The joys and perils of maneuvering flight
Maneuvering flight: Done right, it is evidence of skill and professionalism. Done wrong, or at the wrong time-often preceded by the pilot's uttering those famous last words, "Watch this!"-nothing in aviation is deadlier.
What exactly is maneuvering flight? "Basically, any type of flying performed close to the ground and/or involving steep turns and aerobatics is considered maneuvering," explains the AOPA Air Safety Foundation's newest seminar, "Watch This! Maneuvering Flight: Hazardous to your Health?" The seminar is scheduled to debut at AOPA Expo 2003 in Philadelphia and will be presented through the rest of the country in the first half of 2004; see a complete schedule of all ASF seminars on AOPA Online.
Every flight has its maneuvering phases. Some are brief intervals before and after long legs in cruise. Other flights, such as aerial surveys, photo shoots, and many training flights, can fall almost exclusively into the maneuvering category.
Buzzing: Too often the last hurrah
And then there's that other kind of maneuvering-buzzing-that blends the three hazards of bad judgment, abrupt control inputs, and low altitude, into a potion frequently fatal to people in the aircraft and dangerous to those on the ground. This kind of maneuvering accident not only breaks faith with the trust placed in pilots by their passengers but also becomes the lens through which the news media, its viewers and readers, and makers of public policy view aviation.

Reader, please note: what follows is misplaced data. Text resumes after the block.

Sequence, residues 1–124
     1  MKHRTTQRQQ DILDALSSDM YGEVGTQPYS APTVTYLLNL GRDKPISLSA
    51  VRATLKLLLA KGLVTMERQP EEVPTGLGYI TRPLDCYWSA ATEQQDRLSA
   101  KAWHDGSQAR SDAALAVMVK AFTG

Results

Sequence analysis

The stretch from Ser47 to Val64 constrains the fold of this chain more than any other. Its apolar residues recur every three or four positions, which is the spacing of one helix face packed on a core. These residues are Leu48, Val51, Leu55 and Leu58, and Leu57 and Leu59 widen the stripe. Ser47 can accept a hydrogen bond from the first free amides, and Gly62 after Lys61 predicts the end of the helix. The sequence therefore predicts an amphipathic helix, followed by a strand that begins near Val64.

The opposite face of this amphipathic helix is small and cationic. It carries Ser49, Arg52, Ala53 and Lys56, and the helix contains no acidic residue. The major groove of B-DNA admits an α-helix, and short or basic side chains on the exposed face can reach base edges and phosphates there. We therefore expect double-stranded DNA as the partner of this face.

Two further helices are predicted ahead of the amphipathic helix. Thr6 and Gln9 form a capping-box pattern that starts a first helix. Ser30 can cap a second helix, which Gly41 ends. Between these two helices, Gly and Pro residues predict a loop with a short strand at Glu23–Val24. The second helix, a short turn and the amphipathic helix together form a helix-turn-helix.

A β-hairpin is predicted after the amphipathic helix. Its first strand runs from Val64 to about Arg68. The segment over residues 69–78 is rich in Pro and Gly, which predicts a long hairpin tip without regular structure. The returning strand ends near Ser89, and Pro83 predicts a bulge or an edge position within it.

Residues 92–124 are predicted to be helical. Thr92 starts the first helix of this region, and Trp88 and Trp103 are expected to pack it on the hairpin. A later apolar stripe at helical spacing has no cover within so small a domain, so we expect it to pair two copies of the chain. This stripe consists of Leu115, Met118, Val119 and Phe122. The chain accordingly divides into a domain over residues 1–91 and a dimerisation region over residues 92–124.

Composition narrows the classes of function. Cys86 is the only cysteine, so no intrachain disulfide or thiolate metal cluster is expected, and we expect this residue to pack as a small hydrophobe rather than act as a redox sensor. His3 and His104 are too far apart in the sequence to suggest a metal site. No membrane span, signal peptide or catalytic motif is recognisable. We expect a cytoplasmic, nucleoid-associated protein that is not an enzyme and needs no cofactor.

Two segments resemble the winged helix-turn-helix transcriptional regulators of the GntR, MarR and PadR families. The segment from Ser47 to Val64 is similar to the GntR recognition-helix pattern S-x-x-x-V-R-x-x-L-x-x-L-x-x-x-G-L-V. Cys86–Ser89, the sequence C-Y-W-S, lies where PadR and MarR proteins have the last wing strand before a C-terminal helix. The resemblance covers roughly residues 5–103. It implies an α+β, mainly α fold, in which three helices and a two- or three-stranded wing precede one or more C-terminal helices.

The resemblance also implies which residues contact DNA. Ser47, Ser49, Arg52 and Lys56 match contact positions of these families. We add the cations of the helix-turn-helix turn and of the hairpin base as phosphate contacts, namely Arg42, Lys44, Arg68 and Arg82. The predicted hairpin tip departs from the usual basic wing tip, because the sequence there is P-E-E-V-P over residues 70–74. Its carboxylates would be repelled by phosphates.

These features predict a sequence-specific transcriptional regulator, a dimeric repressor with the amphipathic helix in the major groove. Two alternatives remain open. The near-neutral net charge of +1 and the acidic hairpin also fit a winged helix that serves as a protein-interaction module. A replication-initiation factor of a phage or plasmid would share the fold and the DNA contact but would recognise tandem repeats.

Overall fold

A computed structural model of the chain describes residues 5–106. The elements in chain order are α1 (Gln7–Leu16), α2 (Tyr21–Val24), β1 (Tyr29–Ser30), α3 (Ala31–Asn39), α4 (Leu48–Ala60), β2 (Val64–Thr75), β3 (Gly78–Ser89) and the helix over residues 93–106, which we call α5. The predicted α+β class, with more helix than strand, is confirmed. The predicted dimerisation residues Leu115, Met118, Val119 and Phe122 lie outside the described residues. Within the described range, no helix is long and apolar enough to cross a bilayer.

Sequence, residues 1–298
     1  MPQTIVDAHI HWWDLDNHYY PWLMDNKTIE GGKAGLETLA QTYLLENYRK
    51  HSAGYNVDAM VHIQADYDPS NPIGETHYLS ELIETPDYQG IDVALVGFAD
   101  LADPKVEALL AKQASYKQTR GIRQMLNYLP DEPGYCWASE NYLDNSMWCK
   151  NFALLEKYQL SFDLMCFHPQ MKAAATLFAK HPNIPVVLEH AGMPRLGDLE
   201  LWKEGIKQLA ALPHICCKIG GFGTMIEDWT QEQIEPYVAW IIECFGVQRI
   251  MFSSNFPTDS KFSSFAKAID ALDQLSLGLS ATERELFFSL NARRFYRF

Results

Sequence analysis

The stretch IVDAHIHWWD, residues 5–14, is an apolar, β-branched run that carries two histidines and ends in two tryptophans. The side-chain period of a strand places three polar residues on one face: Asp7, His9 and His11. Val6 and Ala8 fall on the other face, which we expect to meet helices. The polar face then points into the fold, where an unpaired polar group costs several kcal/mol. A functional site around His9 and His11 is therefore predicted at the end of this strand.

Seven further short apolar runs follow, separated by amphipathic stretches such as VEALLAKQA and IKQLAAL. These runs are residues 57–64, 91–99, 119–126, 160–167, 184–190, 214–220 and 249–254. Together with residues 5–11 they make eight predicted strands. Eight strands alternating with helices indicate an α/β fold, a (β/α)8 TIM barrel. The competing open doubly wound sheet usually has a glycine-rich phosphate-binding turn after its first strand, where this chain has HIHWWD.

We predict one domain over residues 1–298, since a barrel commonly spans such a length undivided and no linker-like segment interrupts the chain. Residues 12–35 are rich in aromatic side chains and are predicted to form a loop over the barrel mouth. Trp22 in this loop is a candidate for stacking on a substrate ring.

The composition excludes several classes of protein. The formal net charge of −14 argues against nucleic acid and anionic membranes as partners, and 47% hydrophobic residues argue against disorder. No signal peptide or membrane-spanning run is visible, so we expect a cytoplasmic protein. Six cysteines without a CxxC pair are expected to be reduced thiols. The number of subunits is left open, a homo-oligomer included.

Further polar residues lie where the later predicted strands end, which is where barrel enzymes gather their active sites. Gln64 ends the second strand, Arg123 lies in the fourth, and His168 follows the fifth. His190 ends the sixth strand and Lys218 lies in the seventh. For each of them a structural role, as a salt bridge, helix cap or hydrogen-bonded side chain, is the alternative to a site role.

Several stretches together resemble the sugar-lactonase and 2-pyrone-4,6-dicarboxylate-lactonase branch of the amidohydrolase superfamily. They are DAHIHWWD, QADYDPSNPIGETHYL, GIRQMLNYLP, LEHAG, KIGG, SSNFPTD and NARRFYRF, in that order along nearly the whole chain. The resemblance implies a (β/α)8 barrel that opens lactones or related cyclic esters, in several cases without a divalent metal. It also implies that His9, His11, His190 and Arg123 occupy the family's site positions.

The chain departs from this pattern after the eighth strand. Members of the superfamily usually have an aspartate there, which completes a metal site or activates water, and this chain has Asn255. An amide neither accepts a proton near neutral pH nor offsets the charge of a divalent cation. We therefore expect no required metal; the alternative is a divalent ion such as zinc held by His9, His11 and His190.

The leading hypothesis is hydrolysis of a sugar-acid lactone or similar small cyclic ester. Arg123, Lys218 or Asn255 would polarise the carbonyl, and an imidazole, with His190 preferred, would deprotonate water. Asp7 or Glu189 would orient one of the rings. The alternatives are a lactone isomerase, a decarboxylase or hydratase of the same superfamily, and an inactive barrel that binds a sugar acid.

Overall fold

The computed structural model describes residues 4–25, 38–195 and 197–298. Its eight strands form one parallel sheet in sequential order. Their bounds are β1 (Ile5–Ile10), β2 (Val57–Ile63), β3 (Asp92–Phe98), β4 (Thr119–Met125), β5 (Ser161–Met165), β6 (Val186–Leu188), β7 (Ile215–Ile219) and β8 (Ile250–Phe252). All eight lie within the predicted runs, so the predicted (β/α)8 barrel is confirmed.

All too often, an impromptu buzz job has catastrophic results. ASF's 2002 Joseph T. Nall Report on GA accident trends and factors makes the case clear. "Low-level maneuvering was the leading fatal phase of flight again this year as it has been for the last five, holding steady at about 20 percent," wrote ASF Executive Director Bruce Landsberg. "In the vast majority of cases, the accelerated stall, impact with wires, a building, or an object, should not be considered a surprise." The report studied data for the year 2001.